We all had to start somewhere - here's some basic tips to get you started if you are new to cycling...
1 - Spin, spin, spin!
It's a common misconception that pushing a big (hard to push) gear will build up your legs and make you a faster cyclist -
Fast cyclists turn big gears quickly - so you have to learn to pedal quickly first - otherwise you will be teaching yourself to push hard but slow. Don't worry, you will get enough strength from climbing hills!
A good pedaling cadence to aim for is around 90 RPM (that's 3 up and downs per second - ) on the flat and try to keep pedaling at least 60 RPM on the hills if possible. One way to monitor without counting is: if you are feeling the burn in your leg muscles on fairly level terrain, then you are probably not spinning enough. If you are breathing hard on level ground, you may be spinning too fast. At first it will feel like you are working harder but this is because you are having to teach your leg muscles to be more coordinated. After a few rides, spinning will become second nature and your new found coordinated pedaling style will make you a lot more energy efficient over long distances.
Other reasons for spinning instead of pushing:
* Instead of being a 'diesel' and having to constantly change gear to keep in your comfort zone, you will become a high revving 'petrol' and have a much more flexible pedaling range.
* You will be able to keep up much more easily in a group because you will be able to instantly respond to their accelerations.
* Injury prevention - knees and back are especially vulnerable to overload.
2 - Don't be a 'Nodder!'
When you ride your bike, your upper body should be as still as possible - even when you are trying hard. Some riders have no trouble with this and instantly look like a pro bike rider. For others, it 'feels' more natural and efficient to move their shoulders left and right to shift their upper bodyweight over the leg that is pushing down. One of the reasons that this may feel more 'natural' is that they are not spinning as described above. Sometimes you might have a 'Nod' or 'Bob' that is really noticeable to others - even though you might not be aware of it. Next time that you are out riding with the sun on your back - check your shadow on the road and see how much you are moving your upper body.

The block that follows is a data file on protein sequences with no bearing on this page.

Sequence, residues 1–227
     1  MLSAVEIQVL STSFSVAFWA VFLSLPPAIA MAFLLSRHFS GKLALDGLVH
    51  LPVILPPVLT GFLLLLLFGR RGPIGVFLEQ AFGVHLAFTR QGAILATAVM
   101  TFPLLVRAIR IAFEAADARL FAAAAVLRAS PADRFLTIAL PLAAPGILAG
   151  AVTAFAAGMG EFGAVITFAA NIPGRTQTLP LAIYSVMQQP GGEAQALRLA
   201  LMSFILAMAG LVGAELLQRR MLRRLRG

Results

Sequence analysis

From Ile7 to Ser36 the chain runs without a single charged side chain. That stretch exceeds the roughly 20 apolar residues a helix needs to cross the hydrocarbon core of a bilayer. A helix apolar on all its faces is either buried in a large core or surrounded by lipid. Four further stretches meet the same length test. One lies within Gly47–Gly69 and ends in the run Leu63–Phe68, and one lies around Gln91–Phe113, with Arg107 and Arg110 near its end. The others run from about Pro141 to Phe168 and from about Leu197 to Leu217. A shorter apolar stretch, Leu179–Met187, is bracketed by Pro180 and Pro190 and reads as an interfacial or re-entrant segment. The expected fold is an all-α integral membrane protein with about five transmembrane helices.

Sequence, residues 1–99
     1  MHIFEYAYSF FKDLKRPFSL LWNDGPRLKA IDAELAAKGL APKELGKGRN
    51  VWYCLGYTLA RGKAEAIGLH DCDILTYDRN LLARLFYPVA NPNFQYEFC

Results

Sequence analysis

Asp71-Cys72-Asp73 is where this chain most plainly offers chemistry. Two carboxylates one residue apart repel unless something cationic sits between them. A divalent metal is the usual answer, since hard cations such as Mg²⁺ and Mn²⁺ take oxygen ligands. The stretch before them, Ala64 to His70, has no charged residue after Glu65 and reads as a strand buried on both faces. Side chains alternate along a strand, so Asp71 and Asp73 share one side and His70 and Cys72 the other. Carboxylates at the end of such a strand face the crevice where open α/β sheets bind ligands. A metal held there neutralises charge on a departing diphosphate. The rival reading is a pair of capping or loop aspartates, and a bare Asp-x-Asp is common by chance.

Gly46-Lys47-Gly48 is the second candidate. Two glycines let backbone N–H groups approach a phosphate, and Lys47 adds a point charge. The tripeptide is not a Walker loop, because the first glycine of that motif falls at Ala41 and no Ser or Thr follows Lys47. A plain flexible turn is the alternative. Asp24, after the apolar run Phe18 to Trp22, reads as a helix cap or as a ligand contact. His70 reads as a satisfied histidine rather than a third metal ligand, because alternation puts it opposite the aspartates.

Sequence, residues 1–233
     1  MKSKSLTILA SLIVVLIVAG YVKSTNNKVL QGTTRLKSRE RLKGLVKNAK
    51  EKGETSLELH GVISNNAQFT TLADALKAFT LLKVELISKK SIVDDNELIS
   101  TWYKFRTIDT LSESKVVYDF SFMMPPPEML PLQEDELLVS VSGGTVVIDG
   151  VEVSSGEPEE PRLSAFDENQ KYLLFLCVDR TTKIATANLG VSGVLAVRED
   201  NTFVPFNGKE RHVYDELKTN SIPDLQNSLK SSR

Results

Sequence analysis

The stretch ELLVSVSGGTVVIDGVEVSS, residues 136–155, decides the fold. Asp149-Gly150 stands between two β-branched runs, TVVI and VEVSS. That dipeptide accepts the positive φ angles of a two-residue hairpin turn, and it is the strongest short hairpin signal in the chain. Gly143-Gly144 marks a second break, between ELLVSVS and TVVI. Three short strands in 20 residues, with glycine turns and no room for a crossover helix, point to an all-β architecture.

Reasons not to 'Nod:'
* The faster you pedal, the faster you 'Nod' - this will impair your ability to 'spin'
* You will find it difficult to ride in a straight line - this may provoke others in a group to have a word with you because you will be endangering their safety.
* You are wasting energy.
* If you find it difficult to stop 'nodding' - try to loosen your grip on the handle bars and try holding the bars in different positions, e.g., both hands next to the handlebar stem.
* If you use 'drop' or 'racing' handlebars, don't grip the brake lever hoods with your elbows pointing out. Rotate your wrists inwards slightly (left wrist clockwise / right hand anti-clockwise) and bend and pull your elbows slightly inwards, so that the inside of your forearms make contact with the handlebars. This transfers more of the load from your muscles to your skeleton. Try it - it works! (If this feels a bit cramped - you may need to move your brake levers down a bit - many bikes come pre-assmbled with brake levers mounted for easiest access - as you become more experienced, you may want to have your levers mounted for optimum access with maximum comfort (high doesn't always mean comfy - ask your bike shop is in doubt.)
If you have a static indoor trainer (Turbo) - try this workout once or twice a week to turn yourself into a spinner:
1 - 10 minute warm up at your 'normal' revs in a low/medium gear (not much resistance.)
2 - Then, staying in the same gear, slowly accelerate until the point where you are loosing coordination and start to bounce on the saddle. As soon as you start to bounce, decelerate back to normal revs and recover. Do as many reps as you can in 5 minutes.
3 - Recover for 5 minutes at an easy pace
4 - Repeat step 2.
5 - Warm down for 5 minutes.
3 - Drink, Drink, Drink!
By the time you feel thirsty, you are already dehydrated. Try to remember to take small drinks often. Until you get in the habit, every time you see another rider take a drink, reach for your bottle. Some riders like water, others prefer sports drinks such as Gatorade. A benefit of sports drinks is the carbohydrates and potassium they contain. Read the label and choose one which contains sucrose or dextrose. Drinks which contain high fructose corn syrup are harder to digest and can cause some riders stomach distress.